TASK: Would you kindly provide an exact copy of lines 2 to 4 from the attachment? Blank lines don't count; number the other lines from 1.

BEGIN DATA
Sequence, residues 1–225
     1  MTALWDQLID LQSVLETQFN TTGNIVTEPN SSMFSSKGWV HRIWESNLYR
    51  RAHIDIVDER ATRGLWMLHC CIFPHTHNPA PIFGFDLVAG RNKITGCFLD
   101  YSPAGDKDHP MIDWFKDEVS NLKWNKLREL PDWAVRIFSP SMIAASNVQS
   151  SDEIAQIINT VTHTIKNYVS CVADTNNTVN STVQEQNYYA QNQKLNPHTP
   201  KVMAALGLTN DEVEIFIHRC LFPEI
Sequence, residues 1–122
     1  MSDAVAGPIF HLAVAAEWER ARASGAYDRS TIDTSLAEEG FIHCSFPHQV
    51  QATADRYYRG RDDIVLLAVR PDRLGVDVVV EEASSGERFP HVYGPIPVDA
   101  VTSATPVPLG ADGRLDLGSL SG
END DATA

     1  MTALWDQLID LQSVLETQFN TTGNIVTEPN SSMFSSKGWV HRIWESNLYR
    51  RAHIDIVDER ATRGLWMLHC CIFPHTHNPA PIFGFDLVAG RNKITGCFLD
   101  YSPAGDKDHP MIDWFKDEVS NLKWNKLREL PDWAVRIFSP SMIAASNVQS